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What Did You Learn from Mom?

_happy_mothers_dayHappy Mother’s Day!

In celebration of Mother’s Day, let’s share what we learned from our mom.

My mom helped me in the early years of my business. When I published a monthly print newsletter (Caregiving! newsletter, my first product for family caregivers), she proofread every issue, she sat with me as we stamped each subscriber’s issue. She dropped off samples throughout Chicagoland–at hospitals, adult day centers, doctors’ offices. She traveled with me to conferences and helped man our booth, which displayed the newsletter and my books. And, she never took a paycheck.

From my mom, I learned that it’s important to have help because it’s just silly to do it alone.

So, what did you learn from your mom? Please share in our comments section, below.

About Denise

Profile photo of Denise
I began working with family caregivers in 1990 and launched in 1996 to help and support them. Through my blog, I share words of comfort and offer coping strategies and tips. I also write opinion pieces about recent research, community programs and media coverage of caregiving issues. I've written several caregiving books, including "The Caregiving Years, Six Stages to a Meaningful Journey," "Take Comfort, Reflections of Hope for Caregivers" and "After Caregiving Ends, A Guide to Beginning Again." You can purchase my books and schedule a coaching call with me in our store.

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  1. My mother was a phenomenal R.N. I learned how to care for wounds, how to make a bed with a patient in it, how to change clothes on a person who is bed bound and so many other nursing skills. But most of all from my mother I learned how to care, how to love, how to have patience when everything else seems to just be falling down around me. For those priceless lessons I wish I could just call her in Heaven and tell her how much I appreciate those special attributes that she bestowed on me.

  2. Profile photo of Pegi

    My Mother was the defination of what a mother should be. She raised six of us, years ago, when life was simple. Mom’s stayed home. She taught me the importance of family, of love, of faith. She taught us manners and kindness to others. Each one of us was special to her, in one way or the other. She found our strengths; for me in my younger years it was art(drawing, painting etc) and encouraged me to pursue this talent. In her later years she taught us the importance of laughing, joking, smiling; and to go. If you said “Ma do you want to go…?”, she barely let you say where. It was “Let me put my face on, and grab my purse.” She loved her family dearly, as we all loved her. She gave us the gift of each other. Miss you, Mama. Love you dearly. I would not be me if not having your for an example; I strive to live up to your example.

  3. Profile photo of Richard

    My mother was also our Dad a large portion of the time because my dad was military and in Vietnam Nam for several tours as well as on orders providing training for the 82nd Air Bourne and Special Forces. My mother was my mentor, friend, teacher, had to teach us three boys the male role model issues my father should have been showing us, my mom taught me to drive, helped with my first date and girlfriend and she is still there for me today. Since I got out of the Air Force and moved back to town my mom and me have spoke a minimum of every 1-3 days and meet for coffee or lunch every couple of weeks. The top item I would have to say that I learned from my mom is how to treat others no matter what their color, creed, religion, handicap, sex, age or what their political views are that they are all human beings and they all deserve your respect as you deserve theirs. “You get what you give” is so true a statement yet there are always those who want more to those you step aside let them do their thing, it will come back to haunt them later. Thank you mom for putting up with me and my antics but also for being there and teaching me to be the man I have become. Thank you, Happy Mothers Day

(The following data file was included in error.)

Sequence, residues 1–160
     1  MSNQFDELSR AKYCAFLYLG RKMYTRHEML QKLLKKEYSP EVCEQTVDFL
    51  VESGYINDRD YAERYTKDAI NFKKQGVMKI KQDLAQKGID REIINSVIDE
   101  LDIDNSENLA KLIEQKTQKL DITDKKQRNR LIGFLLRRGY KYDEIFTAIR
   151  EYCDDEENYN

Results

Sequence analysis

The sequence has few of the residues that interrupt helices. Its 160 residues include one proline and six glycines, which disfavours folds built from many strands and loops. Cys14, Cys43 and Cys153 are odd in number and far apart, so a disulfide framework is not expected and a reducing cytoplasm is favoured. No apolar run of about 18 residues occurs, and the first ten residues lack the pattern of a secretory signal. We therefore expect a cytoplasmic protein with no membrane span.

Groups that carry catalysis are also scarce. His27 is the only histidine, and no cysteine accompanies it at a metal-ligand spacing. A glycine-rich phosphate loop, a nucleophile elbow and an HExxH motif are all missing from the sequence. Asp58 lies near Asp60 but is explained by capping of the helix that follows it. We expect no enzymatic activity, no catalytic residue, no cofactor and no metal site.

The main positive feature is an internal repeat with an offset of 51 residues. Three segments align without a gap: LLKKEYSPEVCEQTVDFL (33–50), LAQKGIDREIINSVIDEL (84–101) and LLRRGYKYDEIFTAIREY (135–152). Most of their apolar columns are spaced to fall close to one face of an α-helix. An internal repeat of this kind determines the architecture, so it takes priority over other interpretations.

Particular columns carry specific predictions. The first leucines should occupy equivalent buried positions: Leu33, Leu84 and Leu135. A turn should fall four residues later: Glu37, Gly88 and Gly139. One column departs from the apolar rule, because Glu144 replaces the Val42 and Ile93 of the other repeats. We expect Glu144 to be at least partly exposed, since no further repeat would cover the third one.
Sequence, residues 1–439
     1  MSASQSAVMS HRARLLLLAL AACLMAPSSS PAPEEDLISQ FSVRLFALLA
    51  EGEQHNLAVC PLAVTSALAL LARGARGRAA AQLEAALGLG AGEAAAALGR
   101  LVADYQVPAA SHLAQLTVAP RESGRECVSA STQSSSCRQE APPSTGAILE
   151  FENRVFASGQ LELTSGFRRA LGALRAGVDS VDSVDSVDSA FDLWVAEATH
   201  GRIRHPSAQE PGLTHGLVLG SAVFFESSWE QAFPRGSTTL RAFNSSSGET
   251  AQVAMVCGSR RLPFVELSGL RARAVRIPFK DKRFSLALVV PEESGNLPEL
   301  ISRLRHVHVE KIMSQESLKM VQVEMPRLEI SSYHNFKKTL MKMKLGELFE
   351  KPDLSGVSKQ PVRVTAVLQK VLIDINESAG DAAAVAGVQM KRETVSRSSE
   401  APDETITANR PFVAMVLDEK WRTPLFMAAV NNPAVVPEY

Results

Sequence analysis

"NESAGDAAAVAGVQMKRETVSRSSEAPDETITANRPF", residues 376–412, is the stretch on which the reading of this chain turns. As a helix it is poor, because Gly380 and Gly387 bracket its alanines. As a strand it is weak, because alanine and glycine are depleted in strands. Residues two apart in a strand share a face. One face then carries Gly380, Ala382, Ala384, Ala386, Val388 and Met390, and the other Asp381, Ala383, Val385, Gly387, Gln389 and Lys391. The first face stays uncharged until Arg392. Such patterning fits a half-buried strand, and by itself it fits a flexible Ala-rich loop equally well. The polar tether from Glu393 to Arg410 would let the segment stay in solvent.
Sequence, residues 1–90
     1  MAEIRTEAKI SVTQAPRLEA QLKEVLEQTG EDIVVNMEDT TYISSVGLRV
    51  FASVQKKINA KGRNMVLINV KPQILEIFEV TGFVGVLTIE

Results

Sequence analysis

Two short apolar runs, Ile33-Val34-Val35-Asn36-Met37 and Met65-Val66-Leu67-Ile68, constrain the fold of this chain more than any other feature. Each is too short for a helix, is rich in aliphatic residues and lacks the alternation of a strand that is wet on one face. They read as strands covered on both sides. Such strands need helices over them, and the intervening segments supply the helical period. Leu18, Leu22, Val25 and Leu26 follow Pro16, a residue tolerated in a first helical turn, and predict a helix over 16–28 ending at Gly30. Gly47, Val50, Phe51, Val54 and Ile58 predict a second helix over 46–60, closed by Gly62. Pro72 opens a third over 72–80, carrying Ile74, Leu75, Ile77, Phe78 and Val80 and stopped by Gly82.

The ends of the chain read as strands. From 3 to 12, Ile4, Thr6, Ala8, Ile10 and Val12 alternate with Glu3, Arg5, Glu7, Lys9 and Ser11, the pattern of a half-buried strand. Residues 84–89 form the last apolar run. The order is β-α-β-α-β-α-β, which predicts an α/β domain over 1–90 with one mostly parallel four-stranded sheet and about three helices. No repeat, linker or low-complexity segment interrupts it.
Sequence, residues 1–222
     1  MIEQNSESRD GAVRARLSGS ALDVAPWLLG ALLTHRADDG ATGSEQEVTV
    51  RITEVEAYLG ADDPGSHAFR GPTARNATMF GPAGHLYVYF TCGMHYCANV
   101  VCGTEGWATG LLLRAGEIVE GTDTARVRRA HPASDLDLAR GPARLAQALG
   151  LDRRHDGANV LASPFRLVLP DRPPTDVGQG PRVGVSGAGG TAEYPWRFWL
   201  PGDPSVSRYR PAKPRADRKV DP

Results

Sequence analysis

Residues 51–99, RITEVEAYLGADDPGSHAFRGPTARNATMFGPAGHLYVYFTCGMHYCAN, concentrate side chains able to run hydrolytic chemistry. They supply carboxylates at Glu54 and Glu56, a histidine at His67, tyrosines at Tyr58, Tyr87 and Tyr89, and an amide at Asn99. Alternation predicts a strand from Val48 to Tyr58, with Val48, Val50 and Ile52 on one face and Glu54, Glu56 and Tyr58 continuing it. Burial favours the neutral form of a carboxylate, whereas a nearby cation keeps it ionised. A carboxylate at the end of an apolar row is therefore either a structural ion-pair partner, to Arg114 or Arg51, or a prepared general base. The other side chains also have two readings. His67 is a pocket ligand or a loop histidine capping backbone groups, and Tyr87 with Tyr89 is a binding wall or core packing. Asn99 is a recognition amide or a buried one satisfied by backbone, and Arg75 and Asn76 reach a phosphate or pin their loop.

4. Profile photo of G-J

    I am the youngest of three children by six years. My Mom worked from the time I was in kindergarten. My Dad worked an early shift, and would get home in the afternoon, before my Mom. Although nothing like the schedules families have today, our family had busy evening schedules with my Mom or Dad frequently having a meeting, my Mom going to school, and my brothers involved in Scouts or band. Dinner was eaten together every night at 5:00, so I learned the importance of having dinner together as a family at a reasonable hour.

    I learned how to be a strong woman, and that I could anything a man could do and have any career. I’m not really sure being a stay-at-home mom fit that, though!

    Through my Mom’s example, I learned how to love your children even when you don’t like their behavior and I learned the importance of volunteering.

    My Mom taught me to write every check in the check register at the time the check was written and how to balance a checkbook.

    My Mom taught me how to cook and bake. I am not a gourmet chef, but a good home cook. When my parents would visit, my parents would ask me where I learned to cook like that. I always smiled and said, “You taught me, Mom.”

    I look forward to answering this question about Dads next month. :)


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